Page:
Anyone who has read any of my posts before knows I am a list maker. I LOVE WRITING LISTS. They keep me feeling calm and organised (even when I’m not!).
In case anyone missed the post I wrote back in January, I have started a little tradition with myself at the New Year. Here‘s the link for anyone curious. I don’t quite think I can call my mini ‘bucket lists’ a tradition yet as I’ve only done one, but I wrote a ‘to do’ list for the academic year.
On my very first day in my new house in Portsmouth, 4th September 2015, I sat down and I wrote a list of everything I wanted to achieve this year. This included things like actually getting into the sea (still haven’t done it – it’s so cold!), pitching an article to The Debrief (I did it!), travelling to Budapest or Croatia (Budapest is booked for June), performing at an open mic poetry night (I now help to run one as well) and finally showing people my music (I have my fifth gig on Tuesday). So all-in-all seems successful. I feel like I may have forgotten some things I haven’t done so I am going to have another look over it and see what else I can tick off before September comes around again.
First year went so quickly for me and I felt, whilst I loved every second, I could have done more. I could have made the most of it more and pushed myself even further. I wanted to ensure that now I am settled in Portsmouth that I did more. My list has helped me to do that, to ensure I am achieving all the things I want to achieve. It helps me to push myself and focus on my goals.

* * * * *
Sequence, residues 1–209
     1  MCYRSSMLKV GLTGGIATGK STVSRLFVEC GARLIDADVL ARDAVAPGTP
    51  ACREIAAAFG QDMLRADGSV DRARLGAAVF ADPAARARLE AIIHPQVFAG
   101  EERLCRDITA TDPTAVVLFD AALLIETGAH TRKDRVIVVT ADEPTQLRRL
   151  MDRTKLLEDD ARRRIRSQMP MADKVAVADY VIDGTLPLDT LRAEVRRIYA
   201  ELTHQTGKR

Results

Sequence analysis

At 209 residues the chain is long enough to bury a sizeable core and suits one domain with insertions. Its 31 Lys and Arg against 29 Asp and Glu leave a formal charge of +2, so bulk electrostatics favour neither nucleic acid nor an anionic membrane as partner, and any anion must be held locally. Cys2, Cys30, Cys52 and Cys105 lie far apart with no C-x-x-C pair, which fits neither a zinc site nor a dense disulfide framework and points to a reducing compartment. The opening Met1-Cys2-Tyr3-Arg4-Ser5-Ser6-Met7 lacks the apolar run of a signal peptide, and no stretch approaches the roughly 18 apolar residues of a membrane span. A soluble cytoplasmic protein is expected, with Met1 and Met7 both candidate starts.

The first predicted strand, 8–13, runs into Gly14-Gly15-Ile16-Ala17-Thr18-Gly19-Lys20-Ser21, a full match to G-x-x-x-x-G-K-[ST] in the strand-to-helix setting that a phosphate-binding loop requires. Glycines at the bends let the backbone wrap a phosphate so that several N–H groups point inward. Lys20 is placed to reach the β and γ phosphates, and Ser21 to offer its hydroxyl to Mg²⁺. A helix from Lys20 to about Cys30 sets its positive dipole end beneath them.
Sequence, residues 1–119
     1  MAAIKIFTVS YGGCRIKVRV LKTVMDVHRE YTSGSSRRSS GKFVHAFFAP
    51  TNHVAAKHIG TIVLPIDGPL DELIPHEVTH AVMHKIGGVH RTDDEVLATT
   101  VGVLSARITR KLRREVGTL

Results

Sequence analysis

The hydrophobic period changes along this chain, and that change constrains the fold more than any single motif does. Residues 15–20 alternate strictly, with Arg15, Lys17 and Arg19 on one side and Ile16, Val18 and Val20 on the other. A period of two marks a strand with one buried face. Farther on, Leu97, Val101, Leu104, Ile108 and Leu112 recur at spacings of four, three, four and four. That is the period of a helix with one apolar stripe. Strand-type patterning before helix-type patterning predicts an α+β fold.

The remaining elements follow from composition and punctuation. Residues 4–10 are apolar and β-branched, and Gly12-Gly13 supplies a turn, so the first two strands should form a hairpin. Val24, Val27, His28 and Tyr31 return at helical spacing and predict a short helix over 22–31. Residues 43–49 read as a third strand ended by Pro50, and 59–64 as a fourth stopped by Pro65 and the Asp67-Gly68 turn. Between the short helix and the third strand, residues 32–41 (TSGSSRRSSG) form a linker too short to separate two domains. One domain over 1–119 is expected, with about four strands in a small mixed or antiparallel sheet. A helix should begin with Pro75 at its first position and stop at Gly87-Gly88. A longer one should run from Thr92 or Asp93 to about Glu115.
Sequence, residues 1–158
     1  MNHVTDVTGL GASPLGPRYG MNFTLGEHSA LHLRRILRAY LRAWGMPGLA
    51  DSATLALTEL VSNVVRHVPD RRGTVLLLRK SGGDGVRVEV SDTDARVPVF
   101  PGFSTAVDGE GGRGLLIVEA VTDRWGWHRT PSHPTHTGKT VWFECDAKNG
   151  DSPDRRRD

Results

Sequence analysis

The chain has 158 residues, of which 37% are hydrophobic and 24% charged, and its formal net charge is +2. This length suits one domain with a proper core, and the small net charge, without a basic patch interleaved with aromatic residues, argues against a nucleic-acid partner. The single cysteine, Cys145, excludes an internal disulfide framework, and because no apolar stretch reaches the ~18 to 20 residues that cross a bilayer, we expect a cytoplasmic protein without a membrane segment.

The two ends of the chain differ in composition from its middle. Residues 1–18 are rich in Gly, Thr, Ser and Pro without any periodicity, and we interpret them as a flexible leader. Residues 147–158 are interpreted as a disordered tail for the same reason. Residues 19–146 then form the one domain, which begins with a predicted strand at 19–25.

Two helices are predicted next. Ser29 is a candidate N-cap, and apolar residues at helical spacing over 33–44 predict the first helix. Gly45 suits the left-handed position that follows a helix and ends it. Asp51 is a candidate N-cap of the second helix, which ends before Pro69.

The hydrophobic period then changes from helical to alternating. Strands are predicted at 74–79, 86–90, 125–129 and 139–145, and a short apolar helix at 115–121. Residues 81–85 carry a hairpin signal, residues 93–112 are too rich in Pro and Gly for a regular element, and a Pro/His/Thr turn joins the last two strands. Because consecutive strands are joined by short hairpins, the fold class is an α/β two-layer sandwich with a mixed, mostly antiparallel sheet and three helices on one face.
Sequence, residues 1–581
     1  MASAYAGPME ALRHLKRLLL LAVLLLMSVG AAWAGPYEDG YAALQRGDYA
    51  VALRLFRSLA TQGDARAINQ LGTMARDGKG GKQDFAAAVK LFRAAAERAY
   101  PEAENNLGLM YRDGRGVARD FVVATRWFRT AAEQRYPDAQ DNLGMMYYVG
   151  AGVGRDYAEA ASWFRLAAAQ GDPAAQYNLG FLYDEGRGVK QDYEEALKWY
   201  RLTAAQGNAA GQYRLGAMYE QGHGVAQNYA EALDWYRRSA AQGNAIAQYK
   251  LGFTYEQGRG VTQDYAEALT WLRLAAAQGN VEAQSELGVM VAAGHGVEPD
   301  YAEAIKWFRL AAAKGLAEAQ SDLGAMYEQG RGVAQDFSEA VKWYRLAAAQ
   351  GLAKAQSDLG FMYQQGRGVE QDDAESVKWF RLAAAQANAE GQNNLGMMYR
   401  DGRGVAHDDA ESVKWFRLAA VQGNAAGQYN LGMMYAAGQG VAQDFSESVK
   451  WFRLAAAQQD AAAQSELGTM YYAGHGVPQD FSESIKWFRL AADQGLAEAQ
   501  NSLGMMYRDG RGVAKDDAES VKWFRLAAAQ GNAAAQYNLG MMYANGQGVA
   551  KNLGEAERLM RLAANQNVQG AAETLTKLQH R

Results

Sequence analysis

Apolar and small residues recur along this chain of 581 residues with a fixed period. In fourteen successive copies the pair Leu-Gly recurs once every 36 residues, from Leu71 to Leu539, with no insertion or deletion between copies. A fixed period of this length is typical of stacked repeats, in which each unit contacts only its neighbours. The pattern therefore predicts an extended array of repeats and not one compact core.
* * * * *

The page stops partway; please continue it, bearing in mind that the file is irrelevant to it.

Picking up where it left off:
Of course there is the argument that if I find, come September, that I have failed many of my goals I may feel unnecessarily sad despite what I may have achieved. I prefer to look at it like this: say I haven’t achieved half of my goals, that would be a shame, but I HAVE ACHIEVED THE OTHER HALF. Even if I only achieve one goal, that’s still one goal more than I had the previous year. Here’s a little advice on how to get started.
- Don’t set unreasonable goals – you’ll only be disappointed.
- Really think what it is what want to achieve. It’ll help motivate you.
- Don’t set too many! Pick your top five uni/career goals and your top five life/leisure goals. Do a few simply because they’re fun!
- Push yourself, but not too hard. Know your limits. Have you always been too scared to try out for a sports team or too shy to talk to that girl in your Monday afternoon class who seems great? Push yourself to do the things you want to do but don’t say you want to achieve a first in every single piece of work you hand in. That’s pushing yourself too far and setting unrealistic goals (unless you are a complete genius – but even genius’ mess up sometimes!).
- Don’t stress too much over it. I find mine helps me focus and subconciously makes me do things I perhaps would normally shy away from.
- Have fun!
If you give it a go, let me know. It’d be great to hear what some of you are putting on your lists. I’m off to begin writing mine for next year now!